Finding A Bipolar Psychiatrist
Finding the right psychiatrist is crucial, and these days, with telepsychiatry, it’s easier than ever before. Telemedicine obviously became a crucial service during the pandemic, but providing remote medical services is here to stay. It’s convenient, it’s private and you can select a psychiatrist from just about anywhere in the country.
Whether you need a psychiatrist in Los Angeles or a psychiatrist in Charlotte, NC, or a psychiatrist in a rural area, telepsychiatry allows you to find a doctor that’s a good fit for you. For diseases such as bipolar disorder, finding a psychiatrist is the best first step because, as a medical doctor, we are authorized to prescribe medications, which may be needed as part of your treatment plan. We also can look at any medical issues you might have that could be contributing to your bipolar disorder or simply just making your life less enjoyable. Treating the whole person, mind and body, should be the goal of any psychiatrist.
How Treatment Works
If you’ve tried to find a psychiatrist in the past, you know that sometimes it’s difficult to find a doctor that truly listens to your concerns and provides you with a thorough diagnosis. My strength as a doctor is taking the time to complete a thorough evaluation and this usually takes two or three sessions.
It's important to create a diagnosis that addresses all of the issues you face. For instance, perhaps you have bipolar disorder and an eating disorder. If we treat bipolar disorder but ignore the eating disorder, are you truly going to find peace and happiness? Taking the time to discover all of the issues a person is facing is the only way to determine the correct diagnoses for that patient.
Additionally, as stated above, other disorders can mimic symptoms that often are seen with bipolar disorder. These disorders don’t necessarily follow the same treatment plan you might use with bipolar disorder, so arriving at that exact diagnosis is a huge first step toward helping you find a successful treatment plan.
With bipolar disorder, medication often can be helpful. It is important, however, for patients to understand that finding the ideal medication and the correct dosage can take some time. We also don’t recommend simply relying on medication. Different types of therapy also will be needed, and psychiatrists can recommend the type of therapy that you might need, but typically you will need to find a psychologist or therapist for those services.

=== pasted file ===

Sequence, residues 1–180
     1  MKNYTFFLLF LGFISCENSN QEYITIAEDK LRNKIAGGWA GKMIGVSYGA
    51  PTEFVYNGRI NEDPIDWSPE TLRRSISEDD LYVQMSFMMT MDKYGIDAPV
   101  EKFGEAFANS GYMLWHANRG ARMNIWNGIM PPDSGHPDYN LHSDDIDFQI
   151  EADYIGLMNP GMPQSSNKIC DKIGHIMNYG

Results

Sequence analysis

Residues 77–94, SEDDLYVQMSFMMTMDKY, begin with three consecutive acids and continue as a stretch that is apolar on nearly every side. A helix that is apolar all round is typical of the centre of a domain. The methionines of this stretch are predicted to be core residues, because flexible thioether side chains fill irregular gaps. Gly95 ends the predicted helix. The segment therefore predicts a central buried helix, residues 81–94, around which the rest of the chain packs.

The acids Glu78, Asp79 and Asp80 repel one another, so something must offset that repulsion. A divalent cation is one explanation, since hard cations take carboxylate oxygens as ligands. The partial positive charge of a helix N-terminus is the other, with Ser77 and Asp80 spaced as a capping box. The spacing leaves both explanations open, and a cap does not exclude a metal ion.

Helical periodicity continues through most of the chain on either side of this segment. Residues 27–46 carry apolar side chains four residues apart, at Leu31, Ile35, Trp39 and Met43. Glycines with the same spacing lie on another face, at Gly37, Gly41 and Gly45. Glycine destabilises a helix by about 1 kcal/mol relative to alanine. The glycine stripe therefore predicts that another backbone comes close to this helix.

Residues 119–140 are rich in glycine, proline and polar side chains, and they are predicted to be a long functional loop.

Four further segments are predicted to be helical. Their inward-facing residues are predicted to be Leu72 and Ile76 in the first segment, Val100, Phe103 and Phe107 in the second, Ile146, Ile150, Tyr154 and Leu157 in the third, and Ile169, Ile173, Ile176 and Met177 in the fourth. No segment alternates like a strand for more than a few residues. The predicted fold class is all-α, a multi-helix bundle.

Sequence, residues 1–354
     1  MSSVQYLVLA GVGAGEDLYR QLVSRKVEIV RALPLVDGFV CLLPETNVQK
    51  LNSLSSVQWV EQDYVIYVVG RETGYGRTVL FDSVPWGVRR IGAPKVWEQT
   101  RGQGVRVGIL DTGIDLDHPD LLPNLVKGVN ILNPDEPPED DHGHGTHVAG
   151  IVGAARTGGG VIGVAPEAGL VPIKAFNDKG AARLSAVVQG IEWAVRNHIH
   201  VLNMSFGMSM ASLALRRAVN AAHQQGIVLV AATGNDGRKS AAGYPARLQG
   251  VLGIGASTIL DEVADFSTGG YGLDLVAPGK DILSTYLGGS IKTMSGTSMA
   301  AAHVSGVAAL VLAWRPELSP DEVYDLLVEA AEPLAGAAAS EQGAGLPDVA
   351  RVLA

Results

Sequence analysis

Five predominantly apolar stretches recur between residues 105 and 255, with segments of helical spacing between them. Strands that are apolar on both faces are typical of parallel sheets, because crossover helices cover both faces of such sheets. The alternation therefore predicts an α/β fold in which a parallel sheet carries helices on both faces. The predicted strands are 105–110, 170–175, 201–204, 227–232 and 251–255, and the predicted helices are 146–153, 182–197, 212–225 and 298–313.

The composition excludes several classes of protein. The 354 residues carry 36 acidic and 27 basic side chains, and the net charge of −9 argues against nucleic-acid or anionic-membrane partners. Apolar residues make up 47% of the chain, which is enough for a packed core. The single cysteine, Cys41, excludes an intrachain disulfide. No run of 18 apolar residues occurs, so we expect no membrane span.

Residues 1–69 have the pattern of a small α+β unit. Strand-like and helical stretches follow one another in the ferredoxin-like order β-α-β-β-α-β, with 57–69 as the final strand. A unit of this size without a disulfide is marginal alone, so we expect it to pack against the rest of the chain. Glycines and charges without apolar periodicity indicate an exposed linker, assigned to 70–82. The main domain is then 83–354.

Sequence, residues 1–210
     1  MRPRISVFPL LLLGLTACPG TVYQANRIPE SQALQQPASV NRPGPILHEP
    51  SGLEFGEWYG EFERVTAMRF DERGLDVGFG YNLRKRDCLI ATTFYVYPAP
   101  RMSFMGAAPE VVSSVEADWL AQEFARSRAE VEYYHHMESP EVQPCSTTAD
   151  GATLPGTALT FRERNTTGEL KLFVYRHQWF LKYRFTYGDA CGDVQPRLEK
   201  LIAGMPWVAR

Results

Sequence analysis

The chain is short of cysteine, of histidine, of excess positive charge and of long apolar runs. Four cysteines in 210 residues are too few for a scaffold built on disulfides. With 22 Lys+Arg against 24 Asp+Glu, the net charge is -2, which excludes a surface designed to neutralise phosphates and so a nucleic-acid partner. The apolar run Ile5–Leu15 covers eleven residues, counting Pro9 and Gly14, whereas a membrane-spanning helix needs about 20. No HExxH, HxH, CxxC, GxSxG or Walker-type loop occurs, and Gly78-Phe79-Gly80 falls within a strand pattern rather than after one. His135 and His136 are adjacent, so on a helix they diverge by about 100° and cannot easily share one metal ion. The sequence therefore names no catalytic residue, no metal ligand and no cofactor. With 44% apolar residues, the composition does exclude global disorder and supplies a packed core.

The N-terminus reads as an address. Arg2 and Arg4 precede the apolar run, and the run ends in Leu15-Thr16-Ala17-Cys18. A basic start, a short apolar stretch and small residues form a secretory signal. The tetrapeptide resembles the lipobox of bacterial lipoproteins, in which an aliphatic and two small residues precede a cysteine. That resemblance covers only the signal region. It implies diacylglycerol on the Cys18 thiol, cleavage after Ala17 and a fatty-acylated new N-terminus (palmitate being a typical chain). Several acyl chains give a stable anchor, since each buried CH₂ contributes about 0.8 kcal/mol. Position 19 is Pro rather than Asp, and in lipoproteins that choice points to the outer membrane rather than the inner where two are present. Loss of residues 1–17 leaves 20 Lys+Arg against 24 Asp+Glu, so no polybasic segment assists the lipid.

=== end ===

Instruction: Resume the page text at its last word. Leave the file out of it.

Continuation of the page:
People with bipolar disorder also can create a daily routine that helps them better manage this disorder. Creating a daily routine can help you better manage your mood as it makes you feel more secure and reduces stress. Daily exercise also can be a huge help for people with bipolar disorder, and we also recommend eating a healthy diet.
Bipolar disorder can make it difficult to handle stress, and activities such as yoga and meditation are helpful. Setting a sleep schedule also can be particularly important for people with bipolar disorder. To be honest, these tips are good advice for all of us, whether we have bipolar disorder, OCD, ADHD or no mental health issues at all.
To wrap up, an effective treatment plan includes a proper diagnosis and a combination of medication (usually), therapy and a well-planned daily routine. When all of this is in place, bipolar disorder can be managed. Many people with bipolar disorder feel very helpless, but this disease is treatable. There is hope, and I highly encourage you to seek help as soon as possible to improve your quality of life.
As a bipolar psychiatrist, I offer in-person and telepsychiatry services. I also can treat many other disorders, including ADHD, depression, anxiety, OCD and even drug and alcohol addiction. Whether you need a psychiatrist in Los Angeles, a psychiatrist in Charlotte, NC or anywhere else in the country, telepsychiatry makes it easier to get the help you need. Don’t suffer another day, please give my office a call and let’s create a treatment plan that works for you.
If your child is struggling with mental health issues, finding some type of therapy is a priority. However, choosing a type of therapy or deciding whether to use a child psychiatrist, psychologist or another type of therapist can be confusing. Let’s take a look at the different options you may want to consider.
Child & Family Therapists
A therapist, sometimes called a counselor, is a professional that has completed a master’s degree in a mental health-related specialty, such as family therapy or psychology. With children, a therapist might use talk therapy, play therapy or cognitive behavioral therapy to help with issues such as childhood trauma, anxiety, depression, ADHD, eating disorders or other mental health issues.
Psychologists have a bit more education and have completed a doctoral degree. In general, these professionals also provide therapy such as talk therapy, play therapy and cognitive-behavioral therapy. Both psychologists and therapists often diagnose mental health issues and provide non-medical intervention and treatment.
A pediatric psychiatrist or child psychiatrist is another option to consider, and as a child psychiatrist, I often recommend this as a good first step. Psychiatrists are medical doctors and are the only type of therapists that can prescribe medication. However, medication is not the primary reason why I recommend consulting with a psychiatrist as a first step in the treatment of a mental health issue.
As a pediatric psychiatrist, I can provide the perspective of both a medical doctor and mental health professional. It can be smart to take a look at the whole person before deciding on treatment options. In some cases, there may be physical issues that are contributing to mental health issues and opting to meet first with a psychiatrist can be a more balanced approach.